Vintage Pete's avatar
 Location: Albury, NSW
 Member since 1 May 2016
 Member #: 1919
 Postcount: 1237

Haha,
Not much culture here in oz apart from Yorgurt!
The place has change since 1986.You would not recognise it now and boy did it get expensive!
All the best Pete


 
 Return to top of page · Post #: 12 · Written at 9:33:28 AM on 14 June 2017.
GTC's avatar
 GTC
 Location: Sydney, NSW
 Member since 28 January 2011
 Member #: 823
 Postcount: 5427

Seen other plastic power cords that got stiff and would break apart if you try bending them.

I have two Hammond organs, one from the 1950s the other from 1960s, which had exactly that issue. Both original power cables snapped like twigs.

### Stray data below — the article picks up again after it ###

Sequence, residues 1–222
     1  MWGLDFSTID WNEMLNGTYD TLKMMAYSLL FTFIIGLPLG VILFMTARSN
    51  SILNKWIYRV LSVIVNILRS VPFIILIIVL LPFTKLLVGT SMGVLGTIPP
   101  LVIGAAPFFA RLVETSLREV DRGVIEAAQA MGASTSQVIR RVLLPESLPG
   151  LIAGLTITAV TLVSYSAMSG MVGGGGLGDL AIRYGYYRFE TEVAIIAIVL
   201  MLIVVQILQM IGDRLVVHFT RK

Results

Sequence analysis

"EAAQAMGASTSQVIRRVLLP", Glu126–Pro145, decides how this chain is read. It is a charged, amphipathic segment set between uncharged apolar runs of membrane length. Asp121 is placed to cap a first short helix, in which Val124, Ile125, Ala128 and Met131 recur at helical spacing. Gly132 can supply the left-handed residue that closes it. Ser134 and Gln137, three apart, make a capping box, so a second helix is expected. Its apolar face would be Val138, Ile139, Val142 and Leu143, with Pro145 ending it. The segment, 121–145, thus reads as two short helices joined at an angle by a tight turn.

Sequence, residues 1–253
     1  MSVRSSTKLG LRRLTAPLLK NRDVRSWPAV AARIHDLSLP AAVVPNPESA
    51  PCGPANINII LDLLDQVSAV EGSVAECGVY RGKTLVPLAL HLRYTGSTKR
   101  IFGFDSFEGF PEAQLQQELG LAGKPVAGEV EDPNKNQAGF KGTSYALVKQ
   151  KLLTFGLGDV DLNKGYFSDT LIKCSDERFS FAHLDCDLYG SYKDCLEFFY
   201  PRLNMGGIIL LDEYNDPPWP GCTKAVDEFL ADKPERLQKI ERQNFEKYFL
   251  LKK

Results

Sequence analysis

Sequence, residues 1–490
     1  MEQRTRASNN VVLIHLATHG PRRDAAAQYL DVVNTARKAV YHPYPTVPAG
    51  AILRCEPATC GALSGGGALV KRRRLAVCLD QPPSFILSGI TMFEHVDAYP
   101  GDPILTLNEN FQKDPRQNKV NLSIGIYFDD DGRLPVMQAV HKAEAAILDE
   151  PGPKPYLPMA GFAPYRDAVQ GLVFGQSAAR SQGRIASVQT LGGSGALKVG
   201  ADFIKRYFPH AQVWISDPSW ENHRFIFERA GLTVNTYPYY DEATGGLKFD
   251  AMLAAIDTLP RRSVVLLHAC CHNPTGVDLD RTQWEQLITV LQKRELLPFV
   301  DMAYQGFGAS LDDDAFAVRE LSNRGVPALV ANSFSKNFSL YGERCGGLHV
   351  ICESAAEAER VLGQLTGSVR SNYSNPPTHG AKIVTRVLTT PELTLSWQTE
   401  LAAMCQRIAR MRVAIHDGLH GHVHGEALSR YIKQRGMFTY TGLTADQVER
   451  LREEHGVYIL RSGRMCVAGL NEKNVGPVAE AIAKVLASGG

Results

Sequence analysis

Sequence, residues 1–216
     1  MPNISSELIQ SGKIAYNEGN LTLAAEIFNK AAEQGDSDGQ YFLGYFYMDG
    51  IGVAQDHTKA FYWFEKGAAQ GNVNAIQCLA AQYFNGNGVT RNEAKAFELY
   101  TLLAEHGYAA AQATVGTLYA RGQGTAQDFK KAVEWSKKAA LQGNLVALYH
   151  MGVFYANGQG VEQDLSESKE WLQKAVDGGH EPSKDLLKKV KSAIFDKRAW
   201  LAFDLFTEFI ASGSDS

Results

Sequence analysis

Return to top of page · Post #: 13 · Written at 4:10:27 PM on 14 June 2017.
Brad's avatar
 Administrator
 Location: Greenwich, NSW
 Member since 15 November 2005
 Member #: 1
 Postcount: 5726

The most common nickname here for McDonalds is Maccas followed by The Golden Arches but there's a few derogatory names too, such as Rotten Ronnie's.


‾‾‾‾‾‾‾‾‾‾‾‾‾‾‾‾‾‾‾‾‾‾‾‾‾‾‾‾‾‾‾‾‾‾‾‾‾‾‾‾‾‾‾‾‾‾‾‾‾‾‾‾‾‾‾‾‾‾‾‾‾‾‾‾‾‾‾‾
A valve a day keeps the transistor away...

 
 Return to top of page · Post #: 14 · Written at 10:20:02 PM on 14 June 2017.
Marcc's avatar
 Location: Wangaratta, VIC
 Member since 21 February 2009
 Member #: 438
 Postcount: 3925